Jason's StoryJun 6, 2019
Football player back in the game after successful surgery
Jason Carter Jr. is quite the athlete playing basketball and football for Martin Luther King Jr. High School in Detroit. So when he did not go to one of his football practices because of a severe headache, his dad Jason Carter Sr. was concerned something was up.
A couple of physicals in previous years showed Jason Jr. had elevated blood pressure which doctors agreed was unusual for his age. The blood pressure fluctuated and didn’t cause any major problems. Testing was also inconclusive.
“I decided to take him to the hospital when his headaches became severe and his eyes were red,” says Mr. Carter.
When Jason presented to Children’s Hospital of Michigan at the Detroit Medical Center in the fall of 2013, he had severe hypertension, with blood pressures in the 200/110 range. He was hospitalized and required aggressive blood pressure medications to manage his hypertension. He was discharged home on blood pressure medications and followed closely in the nephrology clinic. More blood pressure medications were tried and additional testing in the outpatient setting was conducted. Ultimately, an MRI of the abdomen was ordered in an effort to pursue the underlying root cause.
This MRI revealed that Jason Jr. had a pheochromocytoma, a rare tumor in his adrenal gland. The condition causes the release of too much epinephrine and norepinephrine, hormones that control heart rate, metabolism, and blood pressure. Common symptoms include severe headache and high blood pressure which Jason Jr. experienced as well as other symptoms such as abdominal and chest pain, sweating and weight loss.
The definitive correction for this condition is surgery, but surgery for this type of tumor is anything but routine. Dangerously high blood pressures can occur at the time of the surgical removal of the tumor if the patient is not carefully managed prior to this operation.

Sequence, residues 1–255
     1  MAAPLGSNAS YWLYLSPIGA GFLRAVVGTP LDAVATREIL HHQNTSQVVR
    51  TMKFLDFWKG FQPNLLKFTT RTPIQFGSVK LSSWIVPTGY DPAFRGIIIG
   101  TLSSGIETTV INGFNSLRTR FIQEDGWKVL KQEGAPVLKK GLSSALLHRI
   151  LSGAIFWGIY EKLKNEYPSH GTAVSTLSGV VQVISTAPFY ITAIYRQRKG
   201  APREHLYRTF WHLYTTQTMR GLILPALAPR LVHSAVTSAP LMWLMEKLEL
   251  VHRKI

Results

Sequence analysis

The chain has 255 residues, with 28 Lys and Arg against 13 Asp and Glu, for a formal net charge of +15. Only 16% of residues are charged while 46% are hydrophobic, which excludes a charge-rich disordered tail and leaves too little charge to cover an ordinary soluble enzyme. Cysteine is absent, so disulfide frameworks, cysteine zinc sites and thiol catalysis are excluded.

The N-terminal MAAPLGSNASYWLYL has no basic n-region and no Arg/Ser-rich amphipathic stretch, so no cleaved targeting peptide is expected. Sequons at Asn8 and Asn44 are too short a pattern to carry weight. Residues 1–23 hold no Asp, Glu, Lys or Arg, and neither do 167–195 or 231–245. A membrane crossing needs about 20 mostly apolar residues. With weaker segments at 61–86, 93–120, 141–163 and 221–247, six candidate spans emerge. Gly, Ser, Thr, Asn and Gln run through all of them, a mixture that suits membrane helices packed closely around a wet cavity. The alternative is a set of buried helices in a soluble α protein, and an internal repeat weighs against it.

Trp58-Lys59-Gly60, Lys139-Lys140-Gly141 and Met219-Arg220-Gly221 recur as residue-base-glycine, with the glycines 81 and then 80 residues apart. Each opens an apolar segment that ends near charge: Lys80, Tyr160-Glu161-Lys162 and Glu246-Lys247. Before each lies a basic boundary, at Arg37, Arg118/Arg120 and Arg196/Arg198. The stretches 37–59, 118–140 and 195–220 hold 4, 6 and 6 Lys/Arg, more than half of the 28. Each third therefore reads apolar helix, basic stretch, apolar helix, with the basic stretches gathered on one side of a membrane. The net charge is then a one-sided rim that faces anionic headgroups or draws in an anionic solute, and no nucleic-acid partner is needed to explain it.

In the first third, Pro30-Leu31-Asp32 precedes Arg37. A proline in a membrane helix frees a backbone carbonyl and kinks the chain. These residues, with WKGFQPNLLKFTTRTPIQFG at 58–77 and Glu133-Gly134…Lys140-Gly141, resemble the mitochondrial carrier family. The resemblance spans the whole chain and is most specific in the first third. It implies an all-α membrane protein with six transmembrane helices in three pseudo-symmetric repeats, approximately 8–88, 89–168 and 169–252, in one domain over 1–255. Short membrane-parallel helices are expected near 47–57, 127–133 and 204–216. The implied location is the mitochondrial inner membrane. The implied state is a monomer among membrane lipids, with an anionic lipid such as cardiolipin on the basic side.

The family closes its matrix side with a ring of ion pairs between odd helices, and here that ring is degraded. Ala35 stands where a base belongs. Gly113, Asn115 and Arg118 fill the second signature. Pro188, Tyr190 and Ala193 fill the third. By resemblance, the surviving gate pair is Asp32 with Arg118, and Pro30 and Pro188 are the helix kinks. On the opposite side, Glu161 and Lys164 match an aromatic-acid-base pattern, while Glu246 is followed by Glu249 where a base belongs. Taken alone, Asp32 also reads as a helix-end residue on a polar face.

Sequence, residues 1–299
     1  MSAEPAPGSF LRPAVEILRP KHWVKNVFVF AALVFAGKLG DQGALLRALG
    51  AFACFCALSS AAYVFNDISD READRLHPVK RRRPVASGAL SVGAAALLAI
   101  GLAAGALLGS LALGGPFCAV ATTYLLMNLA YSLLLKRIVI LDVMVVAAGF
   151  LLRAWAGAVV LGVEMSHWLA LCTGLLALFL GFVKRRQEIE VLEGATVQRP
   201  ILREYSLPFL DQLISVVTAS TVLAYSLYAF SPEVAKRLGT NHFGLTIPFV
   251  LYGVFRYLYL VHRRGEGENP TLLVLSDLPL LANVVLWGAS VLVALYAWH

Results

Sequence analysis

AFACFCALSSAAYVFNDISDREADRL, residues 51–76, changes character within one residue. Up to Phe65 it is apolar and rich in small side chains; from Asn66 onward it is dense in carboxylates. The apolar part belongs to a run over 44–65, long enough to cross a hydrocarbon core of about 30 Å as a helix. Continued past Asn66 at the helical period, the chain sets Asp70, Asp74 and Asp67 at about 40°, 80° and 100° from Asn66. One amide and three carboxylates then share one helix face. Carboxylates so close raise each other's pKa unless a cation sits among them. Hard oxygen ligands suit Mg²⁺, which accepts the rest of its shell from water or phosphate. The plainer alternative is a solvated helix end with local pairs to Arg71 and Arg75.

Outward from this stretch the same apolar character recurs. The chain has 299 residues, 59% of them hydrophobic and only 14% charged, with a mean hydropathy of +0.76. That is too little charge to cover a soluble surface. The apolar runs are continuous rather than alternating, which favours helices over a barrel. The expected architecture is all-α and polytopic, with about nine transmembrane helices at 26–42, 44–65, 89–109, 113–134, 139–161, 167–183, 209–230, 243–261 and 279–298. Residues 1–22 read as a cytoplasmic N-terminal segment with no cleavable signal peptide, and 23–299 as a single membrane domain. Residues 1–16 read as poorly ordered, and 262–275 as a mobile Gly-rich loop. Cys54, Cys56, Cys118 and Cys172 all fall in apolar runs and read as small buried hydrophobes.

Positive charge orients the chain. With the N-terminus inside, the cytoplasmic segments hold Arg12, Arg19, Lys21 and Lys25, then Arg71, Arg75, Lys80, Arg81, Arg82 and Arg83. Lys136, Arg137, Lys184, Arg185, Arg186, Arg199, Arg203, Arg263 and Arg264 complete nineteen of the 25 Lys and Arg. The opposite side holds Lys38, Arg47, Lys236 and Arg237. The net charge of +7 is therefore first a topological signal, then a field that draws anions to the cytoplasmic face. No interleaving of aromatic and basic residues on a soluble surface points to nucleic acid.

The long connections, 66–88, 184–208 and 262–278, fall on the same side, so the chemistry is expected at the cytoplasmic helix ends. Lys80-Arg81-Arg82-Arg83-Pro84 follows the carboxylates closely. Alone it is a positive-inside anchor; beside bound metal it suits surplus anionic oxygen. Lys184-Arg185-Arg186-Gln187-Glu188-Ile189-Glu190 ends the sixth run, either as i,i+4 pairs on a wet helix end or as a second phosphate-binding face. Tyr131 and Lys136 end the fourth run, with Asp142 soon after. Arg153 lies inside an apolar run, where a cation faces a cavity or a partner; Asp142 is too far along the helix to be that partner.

After a one month medical stabilization period where Jason required weekly visits to the nephrology clinic with Rudolph Valentini, M.D., chief medical officer and nephrologist on staff at Children’s Hospital of Michigan, Jason was prepared to safely undergo surgery. Surgery to treat the condition was performed by Scott Langenburg, M.D. surgeon on staff at Children’s Hospital of Michigan at the Detroit Medical Center.
“His surgery was done through one small incision at the belly button. We believe this may be one of the first single port adrenalectomies done on a child for this condition. The small incision offers the patient benefits such as faster recovery, decreased postoperative scarring and better cosmetic effect,” says Dr. Langenburg.
The surgery was successful. Jason had been on up to four blood pressure medications at the same time with only fair control of his blood pressure prior to surgery; he is now off of all medications and his blood pressure is absolutely normal. Jason has not had any other issues with blood pressure and is doing great as a middle linebacker for his high school team.
“We are so thankful to all the staff at Children’s Hospital of Michigan including Dr. James Collins, his primary care physician, Dr. Rudolph Valentini, his nephrologist and Dr. Scott Langenburg who performed his surgery. We don’t even notice the scar from the surgery but the treatment worked great and Jason is now looking forward to continuing high school while already entertaining offers from various colleges to play football,” says Mr. Carter.